“BRAVE NEW WORLD?” Discussing the ubiquitous city of Songdo at the Munich Creative Business Week.

On Wednesday the 8th of March 2017 the Munich Creative Business Week (March 4th-12th) hosted a special panel discussion on smart cities, “Brave New World?”, organized by Schnitzer& and moderated by the designer Sarah Dorkenwald.  The panel gathered many experts from different fields to discuss on the Smart City’s ability to offer an answer to the main urban issues that cities have to face nowadays, such as traffic, air pollution, urban heating, economic crises, immigration, sociodemographic problems, social injustice and much more. The topic was debated taking the case of the ubiquitous city of Songdo in South Korea as an example. Among the experts were also some designers and architects directly involved in the masterplan of Songdo, like Brian Girard, principal at Kohn Pedersen Fox (KPF) with over 20 years of professional experience in designing residential, commercial, institutional, and cultural facilities in London, the United States and Asia, and the south Korean Minsuk Cho, an award-winning architect, founder of the Seoul-based firm Mass Studies. The futurist Cornelia Dhaeim, founder of the Future Impacts Consulting (Berlin) and Leiff Huff, executive designer director at IDEO’s Munich studio were also present. Furthermore, from the academia, Gerard Schmitt, professor of Information Architecture at ETH Zurich and Founding Director of the Singapore-ETH Centre in Singapore, and I, from the University of Milano-Bicocca, Department of Sociology and Social Research were called to connect the topic of sharing cities to those of smart cities.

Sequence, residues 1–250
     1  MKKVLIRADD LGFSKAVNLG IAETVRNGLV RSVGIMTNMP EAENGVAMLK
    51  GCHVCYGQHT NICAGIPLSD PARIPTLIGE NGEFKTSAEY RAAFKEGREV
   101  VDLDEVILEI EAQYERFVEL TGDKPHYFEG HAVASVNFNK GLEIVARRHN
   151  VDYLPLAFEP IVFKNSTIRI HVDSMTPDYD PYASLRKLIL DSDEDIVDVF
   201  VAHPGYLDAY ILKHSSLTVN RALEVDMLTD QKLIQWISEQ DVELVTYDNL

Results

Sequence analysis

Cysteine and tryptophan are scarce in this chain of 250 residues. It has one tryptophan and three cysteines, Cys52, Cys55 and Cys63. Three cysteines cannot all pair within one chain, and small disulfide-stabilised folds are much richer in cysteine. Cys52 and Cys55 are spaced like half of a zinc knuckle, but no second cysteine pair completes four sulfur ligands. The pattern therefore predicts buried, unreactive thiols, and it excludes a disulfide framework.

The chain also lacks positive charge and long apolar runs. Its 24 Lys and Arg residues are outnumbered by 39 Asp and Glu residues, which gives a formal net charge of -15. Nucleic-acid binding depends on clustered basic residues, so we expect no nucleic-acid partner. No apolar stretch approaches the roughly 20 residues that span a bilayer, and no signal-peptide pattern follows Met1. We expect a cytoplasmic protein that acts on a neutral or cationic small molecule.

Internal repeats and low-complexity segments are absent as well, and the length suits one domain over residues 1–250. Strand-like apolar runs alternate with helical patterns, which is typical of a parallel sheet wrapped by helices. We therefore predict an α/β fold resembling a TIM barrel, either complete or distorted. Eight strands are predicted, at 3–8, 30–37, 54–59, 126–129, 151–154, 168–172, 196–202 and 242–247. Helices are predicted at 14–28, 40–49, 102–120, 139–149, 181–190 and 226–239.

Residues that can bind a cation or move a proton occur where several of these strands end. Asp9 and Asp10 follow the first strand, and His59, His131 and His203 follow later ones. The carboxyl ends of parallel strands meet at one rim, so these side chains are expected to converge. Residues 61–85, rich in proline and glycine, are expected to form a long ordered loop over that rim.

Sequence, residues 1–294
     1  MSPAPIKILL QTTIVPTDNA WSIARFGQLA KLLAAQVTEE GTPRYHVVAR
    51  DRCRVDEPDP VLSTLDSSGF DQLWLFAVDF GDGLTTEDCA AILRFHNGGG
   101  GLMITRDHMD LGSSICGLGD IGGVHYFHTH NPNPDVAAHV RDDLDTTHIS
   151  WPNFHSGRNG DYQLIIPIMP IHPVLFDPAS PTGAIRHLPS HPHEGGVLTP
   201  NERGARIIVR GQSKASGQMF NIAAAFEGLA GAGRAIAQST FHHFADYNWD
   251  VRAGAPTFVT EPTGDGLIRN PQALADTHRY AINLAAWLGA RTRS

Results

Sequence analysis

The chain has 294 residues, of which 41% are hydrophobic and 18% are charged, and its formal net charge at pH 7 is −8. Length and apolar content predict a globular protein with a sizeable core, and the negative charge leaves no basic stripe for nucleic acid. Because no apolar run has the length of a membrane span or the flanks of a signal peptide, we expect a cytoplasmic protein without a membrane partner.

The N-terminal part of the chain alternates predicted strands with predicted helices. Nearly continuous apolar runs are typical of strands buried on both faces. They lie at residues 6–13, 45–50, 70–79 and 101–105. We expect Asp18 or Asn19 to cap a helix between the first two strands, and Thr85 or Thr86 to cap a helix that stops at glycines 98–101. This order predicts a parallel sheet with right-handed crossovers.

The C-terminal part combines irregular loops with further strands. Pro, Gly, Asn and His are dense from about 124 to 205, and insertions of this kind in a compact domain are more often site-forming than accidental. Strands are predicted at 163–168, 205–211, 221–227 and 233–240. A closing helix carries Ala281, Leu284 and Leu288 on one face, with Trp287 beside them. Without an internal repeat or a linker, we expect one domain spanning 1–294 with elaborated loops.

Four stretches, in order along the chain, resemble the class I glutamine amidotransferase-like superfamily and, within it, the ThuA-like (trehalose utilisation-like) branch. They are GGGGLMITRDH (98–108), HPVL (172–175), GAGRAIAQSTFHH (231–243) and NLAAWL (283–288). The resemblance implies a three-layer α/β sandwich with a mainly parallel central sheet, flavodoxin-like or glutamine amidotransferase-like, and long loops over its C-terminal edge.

Picture by: @Klaus Peter Segatz, Schnitzer&

The panel discussion questioned the nature and the implications of a city like Songdo, which is being designed since 2001 and is still in progress, built from scratch and hyper technological. Even if other cities were built in the same way, like Brasilia, Abuja or Canberra, Songdo is considered unique for its hi-tech environment integration. It has been designed with sensor to monitor temperature, energy and traffic and all the tech innovations are respectful of the environment (charging stations for electric vehicles, water recycling system, waste disposal system…). It is considered a U-City (ubiquitous), conceived as a future city